Have you found the books Clark gave to elementary school libraries? This year’s book is Drop: An Adventure through the Water Cycle


Insulation Experiment

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Ready to get started with this activity? To keep track of your progress, check off the instructions for each step below as they are completed. Make sure to check the box of the last step when you’re done to receive congratulations for your completed activity!

Consider this:

Have you ever wondered why adults tell you to put on a coat and hat in the winter? To keep you warm, of course! Well, buildings also have a “coat” and “hat” (of sorts) to help control temperature. In buildings with attics, walls, and crawl spaces, there are materials, called insulation, that combat energy loss. Insulation slows heat from leaving living areas in winter and slows the heat from entering in summer. Insulation can be made out of paper, finely spun glass, chemicals – even old jeans!

In fact, every inch of insulation has a value assigned based on its “resistance to heat loss,” and some materials have a better resistance to heat loss value than others. Energy Counselors and insulation installers call the measurement an R-Value. Your clothing works the same way! This experiment will help you to understand what the insulation is doing in the building where you live, given that we don’t want to touch insulation directly without proper safety gear.

  • (7) glasses – all the same size and shape
  • Water
  • Digital thermometer
  • Wool
  • Cotton
  • Denim
  • Lace
  • Fleece
  • Nylon
  • Timer
  • Paper
  • Pencil
  • Rubber bands


  • Place all types of materials on the table. If using scraps of material, it may be a good idea to write what type it is (i.e. fleece, nylon, etc.).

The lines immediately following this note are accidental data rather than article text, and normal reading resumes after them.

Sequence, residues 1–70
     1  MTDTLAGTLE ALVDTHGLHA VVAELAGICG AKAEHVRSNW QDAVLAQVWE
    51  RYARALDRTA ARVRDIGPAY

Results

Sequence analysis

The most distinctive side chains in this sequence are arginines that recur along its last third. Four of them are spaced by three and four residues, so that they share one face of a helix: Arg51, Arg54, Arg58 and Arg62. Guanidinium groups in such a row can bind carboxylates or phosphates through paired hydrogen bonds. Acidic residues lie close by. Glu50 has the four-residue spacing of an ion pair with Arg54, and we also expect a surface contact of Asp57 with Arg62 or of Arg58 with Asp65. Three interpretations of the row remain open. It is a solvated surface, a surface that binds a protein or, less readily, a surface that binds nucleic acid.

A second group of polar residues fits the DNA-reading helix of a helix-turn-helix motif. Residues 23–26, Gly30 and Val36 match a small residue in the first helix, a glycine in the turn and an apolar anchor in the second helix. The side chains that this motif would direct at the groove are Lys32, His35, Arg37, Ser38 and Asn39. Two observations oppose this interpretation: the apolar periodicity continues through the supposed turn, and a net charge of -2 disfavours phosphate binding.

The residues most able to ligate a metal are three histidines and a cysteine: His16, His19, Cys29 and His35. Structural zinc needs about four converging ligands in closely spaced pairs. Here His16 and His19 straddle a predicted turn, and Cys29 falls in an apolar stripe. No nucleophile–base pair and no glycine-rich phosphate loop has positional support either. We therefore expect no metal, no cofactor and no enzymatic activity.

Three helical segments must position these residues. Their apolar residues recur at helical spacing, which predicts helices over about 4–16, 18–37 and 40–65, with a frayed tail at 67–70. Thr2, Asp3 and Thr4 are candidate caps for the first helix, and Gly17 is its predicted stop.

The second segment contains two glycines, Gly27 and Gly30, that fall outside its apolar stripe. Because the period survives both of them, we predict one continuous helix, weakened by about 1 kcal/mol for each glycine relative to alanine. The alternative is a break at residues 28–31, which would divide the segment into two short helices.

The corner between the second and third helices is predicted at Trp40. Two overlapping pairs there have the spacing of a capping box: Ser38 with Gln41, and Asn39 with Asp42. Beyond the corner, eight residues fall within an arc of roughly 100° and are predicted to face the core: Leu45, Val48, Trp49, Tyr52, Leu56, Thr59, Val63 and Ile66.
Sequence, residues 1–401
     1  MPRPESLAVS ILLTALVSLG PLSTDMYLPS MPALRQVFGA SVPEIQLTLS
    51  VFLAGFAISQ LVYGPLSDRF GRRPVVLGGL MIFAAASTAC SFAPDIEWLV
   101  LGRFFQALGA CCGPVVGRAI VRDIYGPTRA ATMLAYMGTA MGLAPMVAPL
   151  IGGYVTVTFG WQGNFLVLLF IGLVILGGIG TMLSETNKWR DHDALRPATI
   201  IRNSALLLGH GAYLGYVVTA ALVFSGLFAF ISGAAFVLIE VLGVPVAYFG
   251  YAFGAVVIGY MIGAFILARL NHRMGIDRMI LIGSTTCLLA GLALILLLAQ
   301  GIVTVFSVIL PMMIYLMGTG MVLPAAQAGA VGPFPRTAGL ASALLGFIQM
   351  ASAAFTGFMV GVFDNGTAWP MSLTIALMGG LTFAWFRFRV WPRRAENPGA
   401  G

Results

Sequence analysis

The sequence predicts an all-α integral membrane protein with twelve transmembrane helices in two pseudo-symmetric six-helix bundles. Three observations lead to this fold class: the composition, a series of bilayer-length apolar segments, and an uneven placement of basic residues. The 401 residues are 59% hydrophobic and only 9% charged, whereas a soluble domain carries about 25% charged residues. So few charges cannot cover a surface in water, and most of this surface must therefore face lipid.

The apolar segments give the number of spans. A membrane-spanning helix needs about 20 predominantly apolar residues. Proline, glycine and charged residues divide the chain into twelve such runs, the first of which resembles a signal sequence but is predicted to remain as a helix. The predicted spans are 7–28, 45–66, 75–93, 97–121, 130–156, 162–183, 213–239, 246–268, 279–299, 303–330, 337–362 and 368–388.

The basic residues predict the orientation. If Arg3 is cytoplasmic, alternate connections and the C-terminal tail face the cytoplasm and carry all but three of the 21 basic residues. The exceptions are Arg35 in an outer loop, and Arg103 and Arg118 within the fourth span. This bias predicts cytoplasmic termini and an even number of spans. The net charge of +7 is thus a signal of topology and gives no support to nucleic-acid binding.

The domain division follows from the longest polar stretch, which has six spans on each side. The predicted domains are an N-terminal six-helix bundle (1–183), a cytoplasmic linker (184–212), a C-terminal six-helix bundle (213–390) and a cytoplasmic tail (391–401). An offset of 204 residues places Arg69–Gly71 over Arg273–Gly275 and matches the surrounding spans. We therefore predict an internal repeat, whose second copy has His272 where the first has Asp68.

• Write down which materials you think will keep you warm and which will keep you cool. This is your hypothesis.
  • Place one glass on the table for each piece of fabric, and one glass that will be our control in the experiment. The control glass will get the same temperature of water as the others but no material will be used.
  • Now wrap each glass with a different fabric, like you’re putting a blanket around your shoulders.
  • Use rubber bands to hold the fabric on the cup.
  • With the help of an adult, fill each glass with hot water.
  • Use the digital thermometer to measure the temperature of each glass and material. Record your findings.
  • Wait for ten minutes, using a timer to help keep track of time.
  • Which fabrics kept the water closest to the starting temperature?
  • Which fabrics had the greatest temperature loss?
  • Think about the clothing you wear in the summer.
    • Is the material heavy or light?
    • Do certain colors keep you cool and others warm you up?
  • When you think about cultures that live along the equator, what colors and types of clothing do they wear?
  • What about people that live near the north and south poles?

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